In his Meet the Press interview, Tacopina declined either to defend or condemn Trump’s rhetoric, insisting he was a lawyer – not a “social media consultant”. The lawyer denounced the Manhattan prosecution as being politically motivated and said that his client was being unfairly hounded for having made a personal payment to protect his family from Daniels’ false claims of an affair.
“This was a personal civil settlement that’s done every day in New York City,” Tacopina said. “This had nothing to do with campaign finance.”
The $130,000 payment to Daniels came in the dying days of the 2016 presidential election as the adult film star was about to go public with allegations of a sexual encounter with Trump which he has denied. Michael Cohen, Trump’s then fixer who made the initial payment, pleaded guilty to violating campaign finance laws involving the hush money as well as other tax fraud charges, and served time in prison.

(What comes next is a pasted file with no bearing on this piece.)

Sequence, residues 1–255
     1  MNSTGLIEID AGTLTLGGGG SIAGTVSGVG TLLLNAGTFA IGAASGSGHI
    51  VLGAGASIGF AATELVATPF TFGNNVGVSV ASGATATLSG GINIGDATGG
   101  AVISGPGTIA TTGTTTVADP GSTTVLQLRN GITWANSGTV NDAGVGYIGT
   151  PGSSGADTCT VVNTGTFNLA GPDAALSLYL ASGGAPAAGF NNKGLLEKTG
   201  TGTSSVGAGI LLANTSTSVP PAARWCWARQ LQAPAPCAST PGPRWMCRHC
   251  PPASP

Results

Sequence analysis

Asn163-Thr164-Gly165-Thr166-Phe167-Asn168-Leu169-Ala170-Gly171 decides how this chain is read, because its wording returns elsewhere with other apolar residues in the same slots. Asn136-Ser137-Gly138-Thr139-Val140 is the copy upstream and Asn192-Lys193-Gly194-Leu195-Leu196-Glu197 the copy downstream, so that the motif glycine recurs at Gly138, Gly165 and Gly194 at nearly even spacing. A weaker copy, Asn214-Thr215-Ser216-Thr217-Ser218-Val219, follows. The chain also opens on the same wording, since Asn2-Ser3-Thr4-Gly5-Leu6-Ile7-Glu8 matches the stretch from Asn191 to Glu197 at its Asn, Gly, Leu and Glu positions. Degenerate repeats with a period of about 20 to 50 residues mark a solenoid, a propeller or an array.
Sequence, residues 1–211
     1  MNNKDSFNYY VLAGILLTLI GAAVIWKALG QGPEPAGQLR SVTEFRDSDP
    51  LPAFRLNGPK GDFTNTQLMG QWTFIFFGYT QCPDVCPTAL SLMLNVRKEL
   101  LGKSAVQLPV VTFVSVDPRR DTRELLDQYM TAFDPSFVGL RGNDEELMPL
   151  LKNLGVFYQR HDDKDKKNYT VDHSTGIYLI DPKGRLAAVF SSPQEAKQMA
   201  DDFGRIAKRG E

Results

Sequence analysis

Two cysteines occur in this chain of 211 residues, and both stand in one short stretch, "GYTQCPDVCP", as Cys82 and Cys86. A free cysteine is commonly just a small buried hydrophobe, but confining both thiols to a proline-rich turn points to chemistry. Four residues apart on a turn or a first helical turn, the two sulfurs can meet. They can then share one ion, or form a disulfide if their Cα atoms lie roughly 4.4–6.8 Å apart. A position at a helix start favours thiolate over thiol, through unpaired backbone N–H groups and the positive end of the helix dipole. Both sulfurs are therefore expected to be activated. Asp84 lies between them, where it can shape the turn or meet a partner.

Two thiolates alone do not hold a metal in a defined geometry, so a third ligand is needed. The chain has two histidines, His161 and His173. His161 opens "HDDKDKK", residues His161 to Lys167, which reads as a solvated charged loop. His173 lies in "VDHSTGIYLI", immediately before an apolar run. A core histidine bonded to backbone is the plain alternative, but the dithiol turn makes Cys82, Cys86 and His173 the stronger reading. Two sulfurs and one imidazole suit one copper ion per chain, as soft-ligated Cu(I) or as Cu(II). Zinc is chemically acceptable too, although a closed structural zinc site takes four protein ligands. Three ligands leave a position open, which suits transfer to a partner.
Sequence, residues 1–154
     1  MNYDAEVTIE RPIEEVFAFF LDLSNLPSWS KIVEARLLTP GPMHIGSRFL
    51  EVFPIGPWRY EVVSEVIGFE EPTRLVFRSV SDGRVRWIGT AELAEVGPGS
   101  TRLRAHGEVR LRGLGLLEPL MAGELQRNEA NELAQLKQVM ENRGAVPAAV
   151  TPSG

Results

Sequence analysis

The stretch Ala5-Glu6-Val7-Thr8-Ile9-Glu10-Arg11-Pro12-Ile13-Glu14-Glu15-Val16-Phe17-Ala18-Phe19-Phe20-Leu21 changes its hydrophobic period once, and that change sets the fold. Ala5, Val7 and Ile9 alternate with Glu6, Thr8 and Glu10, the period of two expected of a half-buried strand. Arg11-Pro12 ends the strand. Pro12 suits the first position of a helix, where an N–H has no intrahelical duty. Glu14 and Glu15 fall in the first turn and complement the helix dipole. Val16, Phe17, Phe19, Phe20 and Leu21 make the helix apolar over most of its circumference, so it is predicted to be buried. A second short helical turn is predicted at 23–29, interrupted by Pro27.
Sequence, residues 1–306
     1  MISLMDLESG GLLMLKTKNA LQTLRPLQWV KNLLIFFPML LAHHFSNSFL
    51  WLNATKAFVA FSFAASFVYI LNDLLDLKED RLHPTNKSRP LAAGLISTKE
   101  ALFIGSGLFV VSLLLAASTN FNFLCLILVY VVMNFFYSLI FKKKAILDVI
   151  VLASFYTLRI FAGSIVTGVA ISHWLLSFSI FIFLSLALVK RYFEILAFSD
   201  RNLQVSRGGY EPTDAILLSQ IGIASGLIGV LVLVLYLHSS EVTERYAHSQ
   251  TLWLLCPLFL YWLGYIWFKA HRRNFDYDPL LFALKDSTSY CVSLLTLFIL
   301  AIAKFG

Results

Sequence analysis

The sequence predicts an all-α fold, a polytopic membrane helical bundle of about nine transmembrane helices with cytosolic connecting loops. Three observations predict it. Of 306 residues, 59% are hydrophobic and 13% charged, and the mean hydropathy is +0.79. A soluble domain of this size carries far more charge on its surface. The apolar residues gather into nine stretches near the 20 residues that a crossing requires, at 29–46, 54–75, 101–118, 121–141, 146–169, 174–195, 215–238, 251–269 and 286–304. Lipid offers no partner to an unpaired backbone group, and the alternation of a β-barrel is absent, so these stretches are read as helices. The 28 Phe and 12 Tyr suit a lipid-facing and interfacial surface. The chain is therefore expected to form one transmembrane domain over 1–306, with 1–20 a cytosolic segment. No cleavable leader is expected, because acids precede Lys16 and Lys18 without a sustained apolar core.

Cohen said he had made the payment at Trump’s direction.
Trump has stoked fears of renewed violence by deriding Bragg on social media in virulent and racist terms, calling the Black prosecutor a “Soros-backed animal” – a reference to the billionaire liberal philanthropist George Soros – and accusing him of doing the work of “anarchists and the devil”.
Trump has also predicted “potential death and destruction” were he to be charged. That inflammatory statement prompted Hakeem Jeffries, the top Democrat in the House of Representatives, to warn that “if he keeps it up it’s going to get someone killed”.
Mark Warner, the Democratic chair of the Senate intelligence committee, told CNN’s State of the Union on Sunday that he had been briefed by the FBI that the agency was prepared for any protests. He called Trump’s rhetoric “outrageous”, accusing the former president of having “very little moral compass”.
The senator added: “If he spurs on additional violence, it would be one further stain on his already checkered reputation.”